Business leaders often get so caught up in running their businesses that they neglect their personal finances.
But there is help available for overextended executives in the form of private banking, a comprehensive approach to personal financial management that gives you a single point of contact for all of your financial needs. It also provides quick and easy access to a local banking expert who will use his or her knowledge of your personal situation to deliver a customized solution.
“CEOs and business owners tend to focus on the day-to-day operations of their businesses,” says Brad Watson, senior vice president of private client services at First Place Bank. “Often, their personal finances get put on the back burner. Private banking can help mind the shop while you focus on your business.”
Smart Business spoke with Watson about how to build a private banking relationship to ensure your future financial success.
How do you qualify for personal banking services?
Most banks tend to segment clients differently, but generally, you’ll need to have at least $250,000 to $500,000 in banking assets to qualify for a private banking program. However, many banks will also look at emerging and affluent entrepreneurs who aren’t quite there yet but who are clearly on the path to being there.
How can using a private banker help you manage your finances?
Private banking goes well beyond checking, savings and money market accounts. A private banker will also offer you a wide array of services such as traditional depository products, treasury management, merchant services and foreign exchange.
Private bankers are also there to help you understand your current and future cash flow needs, how long it will take you to get out of debt, and how willing and able you are to save for the future. A private banker will help you ensure that both your short-term and long-term financial needs are met.
How can a company benefit from private banking lending options?
It depends on the type of business you have, but if your company has large cash flows and/or a need for cash management, private banking lending options can be highly beneficial. Not only that, a company can benefit from a private banker’s ability to customize service needs. Private bankers have the ability to underwrite, structure and approve loan requests in house, providing quick decisions and customized loans for clients.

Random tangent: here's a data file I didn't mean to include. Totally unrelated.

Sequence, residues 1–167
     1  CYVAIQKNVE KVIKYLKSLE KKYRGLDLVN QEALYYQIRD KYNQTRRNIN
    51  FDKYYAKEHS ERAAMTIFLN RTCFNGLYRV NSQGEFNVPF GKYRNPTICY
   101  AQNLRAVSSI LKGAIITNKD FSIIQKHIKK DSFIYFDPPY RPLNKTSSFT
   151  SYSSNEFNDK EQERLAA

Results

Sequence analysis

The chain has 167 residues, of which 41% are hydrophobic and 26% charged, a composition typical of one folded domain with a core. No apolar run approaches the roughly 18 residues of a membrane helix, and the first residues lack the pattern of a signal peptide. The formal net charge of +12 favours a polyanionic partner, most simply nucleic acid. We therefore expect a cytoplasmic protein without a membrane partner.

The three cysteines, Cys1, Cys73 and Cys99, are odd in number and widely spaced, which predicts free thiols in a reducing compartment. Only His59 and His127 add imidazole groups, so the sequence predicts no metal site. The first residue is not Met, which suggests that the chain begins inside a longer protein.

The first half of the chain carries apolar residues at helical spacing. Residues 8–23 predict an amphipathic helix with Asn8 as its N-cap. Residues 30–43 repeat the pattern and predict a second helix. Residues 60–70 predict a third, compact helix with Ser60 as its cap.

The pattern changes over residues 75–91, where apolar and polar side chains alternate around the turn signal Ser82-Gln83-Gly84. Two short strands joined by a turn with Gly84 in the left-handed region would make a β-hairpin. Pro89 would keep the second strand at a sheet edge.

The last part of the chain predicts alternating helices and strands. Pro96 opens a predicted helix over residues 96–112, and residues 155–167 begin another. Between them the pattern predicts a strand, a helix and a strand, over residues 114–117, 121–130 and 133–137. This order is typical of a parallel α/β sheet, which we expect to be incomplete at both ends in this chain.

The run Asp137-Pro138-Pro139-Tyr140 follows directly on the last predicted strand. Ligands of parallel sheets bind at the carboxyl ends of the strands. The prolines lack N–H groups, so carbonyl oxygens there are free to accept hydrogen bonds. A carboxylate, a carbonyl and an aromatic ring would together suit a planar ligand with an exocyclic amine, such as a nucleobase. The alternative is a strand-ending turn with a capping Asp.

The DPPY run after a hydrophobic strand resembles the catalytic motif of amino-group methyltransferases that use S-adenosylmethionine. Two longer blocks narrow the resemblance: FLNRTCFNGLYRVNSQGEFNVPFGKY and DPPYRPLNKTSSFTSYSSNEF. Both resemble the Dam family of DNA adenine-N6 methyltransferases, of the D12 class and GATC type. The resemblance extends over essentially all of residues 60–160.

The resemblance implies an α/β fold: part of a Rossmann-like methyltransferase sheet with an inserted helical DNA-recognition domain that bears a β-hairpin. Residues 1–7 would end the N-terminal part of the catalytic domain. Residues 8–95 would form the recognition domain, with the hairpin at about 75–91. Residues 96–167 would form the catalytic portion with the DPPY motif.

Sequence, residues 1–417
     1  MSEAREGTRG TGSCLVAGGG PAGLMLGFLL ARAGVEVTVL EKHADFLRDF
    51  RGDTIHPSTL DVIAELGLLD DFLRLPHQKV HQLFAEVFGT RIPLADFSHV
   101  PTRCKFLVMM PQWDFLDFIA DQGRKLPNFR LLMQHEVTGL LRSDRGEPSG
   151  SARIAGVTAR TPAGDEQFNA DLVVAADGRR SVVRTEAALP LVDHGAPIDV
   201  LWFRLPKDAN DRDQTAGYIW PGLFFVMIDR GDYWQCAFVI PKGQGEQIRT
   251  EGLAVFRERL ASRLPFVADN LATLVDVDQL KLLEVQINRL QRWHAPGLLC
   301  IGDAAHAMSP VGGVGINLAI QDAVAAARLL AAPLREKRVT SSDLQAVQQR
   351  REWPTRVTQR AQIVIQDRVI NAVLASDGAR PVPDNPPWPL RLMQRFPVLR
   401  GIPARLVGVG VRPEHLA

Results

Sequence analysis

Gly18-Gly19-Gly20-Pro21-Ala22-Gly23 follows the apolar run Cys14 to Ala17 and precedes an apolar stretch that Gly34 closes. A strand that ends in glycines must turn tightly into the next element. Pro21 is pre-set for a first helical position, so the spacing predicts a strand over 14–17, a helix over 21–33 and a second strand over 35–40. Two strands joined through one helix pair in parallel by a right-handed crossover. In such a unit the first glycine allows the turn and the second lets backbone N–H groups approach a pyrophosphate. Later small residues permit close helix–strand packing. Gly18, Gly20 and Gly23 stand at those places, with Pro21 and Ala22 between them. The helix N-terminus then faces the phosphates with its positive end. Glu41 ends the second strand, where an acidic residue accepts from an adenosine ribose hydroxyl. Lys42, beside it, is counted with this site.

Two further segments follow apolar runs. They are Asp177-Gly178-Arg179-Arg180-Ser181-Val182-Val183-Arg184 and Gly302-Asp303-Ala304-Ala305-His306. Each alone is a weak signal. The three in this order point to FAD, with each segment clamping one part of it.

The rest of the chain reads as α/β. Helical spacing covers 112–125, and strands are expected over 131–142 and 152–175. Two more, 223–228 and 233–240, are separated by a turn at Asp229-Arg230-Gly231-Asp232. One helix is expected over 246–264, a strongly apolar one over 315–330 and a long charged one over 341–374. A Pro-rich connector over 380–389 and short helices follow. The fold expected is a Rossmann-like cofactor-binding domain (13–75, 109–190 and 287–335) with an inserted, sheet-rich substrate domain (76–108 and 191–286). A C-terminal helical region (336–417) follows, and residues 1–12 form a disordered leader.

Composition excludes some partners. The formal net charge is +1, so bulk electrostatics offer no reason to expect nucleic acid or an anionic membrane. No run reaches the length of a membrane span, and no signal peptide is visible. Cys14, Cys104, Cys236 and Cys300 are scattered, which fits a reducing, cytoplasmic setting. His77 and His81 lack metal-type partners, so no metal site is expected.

How do you find the right personal banker for your needs?
Everyone will have a different focus, so you have to go in having some idea of what your needs are. The private banker will help you fully determine those needs, but be prepared nonetheless.
Ask a potential private banker questions such as, ‘Do you work with other clients similar to me? What is the lending limit of the bank? Do you have experience working with other people in my industry? How can you ensure that you’ll deliver what you say you will?’
You’ll also want to ask how many clients the private banker has. You want a private banker with experience, but you don’t want one who has so many clients that you just become a number.
The hierarchy of the bank is important, as well, because it shows you where the bank’s focus is. Many banks lead with whatever their strength is, so if you see a bank with a lot of commercial clients, it may focus more on that than on the private, personal side of its clients. But if you have an established banker who you can trust, one who is focused on you and your personal needs, you’ll have a true partner who can help you achieve any and all of your personal goals.
How important is it to find a banker who takes a holistic point of view?
Looking at banking from a holistic point of view is vital. Now more than ever, there are a lot of pitfalls in the marketplace — pensions are being reduced, benefits are being slashed or eliminated, and people are living longer, which on the surface sounds good, but the longer you live, the more money you have to spend.
Therefore, you have to make sure you work with a banker who has a grasp on your entire situation and will make sure everything works in harmony.
Generally, we all have the same goals — we want to send our children to college, retire comfortably and truly enjoy our golden years. But, on the other hand, everyone’s situation is different, and everyone has different tolerances and attitudes toward the market.
If your banker is looking at one specific piece of your finances and making recommendations on the entire situation, he or she is being very shortsighted and is not fully looking out for your best interests.
Again, you have to find a banker that you trust. You’re going to have to share all of your personal information with your banker and, in many ways, your future is in his or her hands.
Brad Watson is the senior vice president of private client services at First Place Bank. Reach him at BWatson@fpfc.net.